Immigration Exemption judged unlawful, excessive, wrong by Court of Appeal

Today the court of appeal has unanimously found that the UK immigration exemption is incompatible with Article 23 of the GDPR. The judgment is a huge win for the Open Rights Group, the3million and their legal team at Leigh Day.

The Immigration exemption allows the government and private sector to circumvent data protection obligations under the vague purpose of “the effective maintenance of immigration control”. It is in effect a blanket power to refuse information and use it secretly.

Millions of people are potentially affected by this restriction of their data rights. The Home Office has already relied on it in as many as 72% subject access requests for personal information. 

Although the GDPR allows for restrictions on data protection rights it requires any exemptions to be narrow and have proper safeguards to protect individuals. The importance of such safeguards and limits is obvious from Windrush. The UK has created a hostile environment where private citizens and public servants must check the immigration status of other citizens when offering jobs, when renting accommodation, when visiting a GP or hospital, when opening a bank account, when getting married and more. All these groups count as “data controllers” who could use this new exemption to withhold information they have about a person.

Safeguards have to be in writing and set out in legislation. However, the Government decided to simply ignore this requirement and did not introduce any special safeguards or limits.

The Court of Appeal has found government acted unlawfully. How this unlawfulness should be fixed will be determined at a hearing later in the summer.

Responding to the Judgment of the Court of Appeal’s judgment, Sahdya Darr, Open Rights Group’s Immigration Policy Manager said

“This is a momentous day. The Court of Appeal has recognised that the Immigration Exemption drives a huge hole through data protection law, allowing the Government to restrict access to information that may be being used to deny people their rights.

“If the Government holds information about you, it should only be in the most exceptional circumstances that it is denied to you, such as during a criminal investigation.

“The treatment of immigrants as criminals and suspects is simply wrong. The suffering of the Windrush generation shows that Home Office use of data is poor. The Court has today found that proper safeguards should be put in place to help prevent future abuses and to ensure that people are treated fairly and lawfully.”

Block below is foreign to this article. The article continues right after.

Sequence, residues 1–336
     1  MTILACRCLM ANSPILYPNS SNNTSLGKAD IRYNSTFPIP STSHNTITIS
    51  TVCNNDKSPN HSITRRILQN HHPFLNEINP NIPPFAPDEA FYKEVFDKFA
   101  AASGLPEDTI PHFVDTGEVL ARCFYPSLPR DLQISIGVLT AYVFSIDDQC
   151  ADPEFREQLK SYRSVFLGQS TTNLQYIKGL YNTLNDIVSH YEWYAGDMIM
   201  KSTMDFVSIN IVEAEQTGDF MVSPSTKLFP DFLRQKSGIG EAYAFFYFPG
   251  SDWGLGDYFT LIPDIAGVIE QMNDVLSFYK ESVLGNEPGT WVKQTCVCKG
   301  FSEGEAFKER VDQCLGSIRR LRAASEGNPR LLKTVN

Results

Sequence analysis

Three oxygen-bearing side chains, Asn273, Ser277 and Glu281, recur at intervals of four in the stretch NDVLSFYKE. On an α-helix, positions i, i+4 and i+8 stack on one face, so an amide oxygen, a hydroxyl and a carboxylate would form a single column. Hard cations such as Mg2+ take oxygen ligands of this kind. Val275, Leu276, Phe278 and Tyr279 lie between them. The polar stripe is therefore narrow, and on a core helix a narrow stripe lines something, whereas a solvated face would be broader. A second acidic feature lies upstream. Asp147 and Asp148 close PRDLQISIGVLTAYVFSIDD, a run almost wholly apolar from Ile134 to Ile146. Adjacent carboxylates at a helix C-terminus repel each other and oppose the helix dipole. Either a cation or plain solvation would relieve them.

Maike Bohn, Co-founder of 3million said:

We welcome today’s judgment, especially as we represent millions of EU citizens who for the first time have to hand their personal data to the Home Office and its contractors to be able to stay in the UK. As it stands, the exemption from data protection for foreign nationals hands all the cards to unaccountable parties – a recipe for things to go horribly wrong. Winning the appeal means we can hopefully reintroduce much-needed scrutiny so errors and data misuse cannot go undetected.”

Waleed Sheikh and Erin Alcock of Leigh Day said: “We are very pleased that the Court of Appeal has today ruled unanimously that the Immigration Exemption, which allows not only the Home Office but those in the private sector such as landlords, banks and others to bypass fundamental data protection obligations in the name of maintaining immigration control, is unlawful and lacking in sufficient legislative safeguards.”

Following today’s judgment, the Court will meet again to discuss the question of relief. In this session, the Court will decide what steps the government needs to take to ensure the exemption complies with GDPR. 


Notes to the editor:

  1. Court case details: Open Rights Group are part of a judicial review against the Immigration Exemption with organisations the3million. The claim was initially heard by Supperstone J in his judgment of 3 October 2019, [2019] EWHC 2562 (Admin). Permission to appeal was granted by my Lord, Singh LJ, on 14 November 2019. Their case was heard by the Court of Appeal on Wednesday 24 and Thursday 25 February. 
  2. After this judgment today, the Court will meet again to discuss the question of relief.
  3. The Home Office statistics, including data on subject access requests, are available here:
  4. The Data Protection Bill was introduced into the House of Lords by the UK Government in September 2017. An exemption of this kind to personal data processed for the purposes of effective maintenance of effective immigration control, had never been in UK law and, throughout Parliamentary debates, the Government failed to articulate actual evidence of the problem that the proposed exemption sought to address.

The Immigration Exemption is included in paragraph 4 of Part 1 of Schedule 2 of the 2018 Act: